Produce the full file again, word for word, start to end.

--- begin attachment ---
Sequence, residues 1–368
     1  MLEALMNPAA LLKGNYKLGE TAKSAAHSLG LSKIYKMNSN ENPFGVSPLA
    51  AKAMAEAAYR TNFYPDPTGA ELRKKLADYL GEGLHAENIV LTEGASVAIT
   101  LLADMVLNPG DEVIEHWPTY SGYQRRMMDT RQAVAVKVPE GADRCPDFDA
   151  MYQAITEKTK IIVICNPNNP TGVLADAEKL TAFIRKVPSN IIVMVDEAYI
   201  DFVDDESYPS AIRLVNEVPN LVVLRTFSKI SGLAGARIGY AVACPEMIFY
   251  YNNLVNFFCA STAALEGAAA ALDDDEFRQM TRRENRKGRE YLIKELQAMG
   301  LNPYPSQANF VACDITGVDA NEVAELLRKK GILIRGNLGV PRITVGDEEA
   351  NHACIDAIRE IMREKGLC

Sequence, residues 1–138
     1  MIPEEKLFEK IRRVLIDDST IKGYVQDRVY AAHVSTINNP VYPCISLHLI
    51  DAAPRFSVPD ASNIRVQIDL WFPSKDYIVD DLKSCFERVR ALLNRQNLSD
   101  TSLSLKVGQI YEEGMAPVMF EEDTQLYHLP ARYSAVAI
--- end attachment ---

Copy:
Sequence, residues 1–368
     1  MLEALMNPAA LLKGNYKLGE TAKSAAHSLG LSKIYKMNSN ENPFGVSPLA
    51  AKAMAEAAYR TNFYPDPTGA ELRKKLADYL GEGLHAENIV LTEGASVAIT
   101  LLADMVLNPG DEVIEHWPTY SGYQRRMMDT RQAVAVKVPE GADRCPDFDA
   151  MYQAITEKTK IIVICNPNNP TGVLADAEKL TAFIRKVPSN IIVMVDEAYI
   201  DFVDDESYPS AIRLVNEVPN LVVLRTFSKI SGLAGARIGY AVACPEMIFY
   251  YNNLVNFFCA STAALEGAAA ALDDDEFRQM TRRENRKGRE YLIKELQAMG
   301  LNPYPSQANF VACDITGVDA NEVAELLRKK GILIRGNLGV PRITVGDEEA
   351  NHACIDAIRE IMREKGLC

Sequence, residues 1–138
     1  MIPEEKLFEK IRRVLIDDST IKGYVQDRVY AAHVSTINNP VYPCISLHLI
    51  DAAPRFSVPD ASNIRVQIDL WFPSKDYIVD DLKSCFERVR ALLNRQNLSD
   101  TSLSLKVGQI YEEGMAPVMF EEDTQLYHLP ARYSAVAI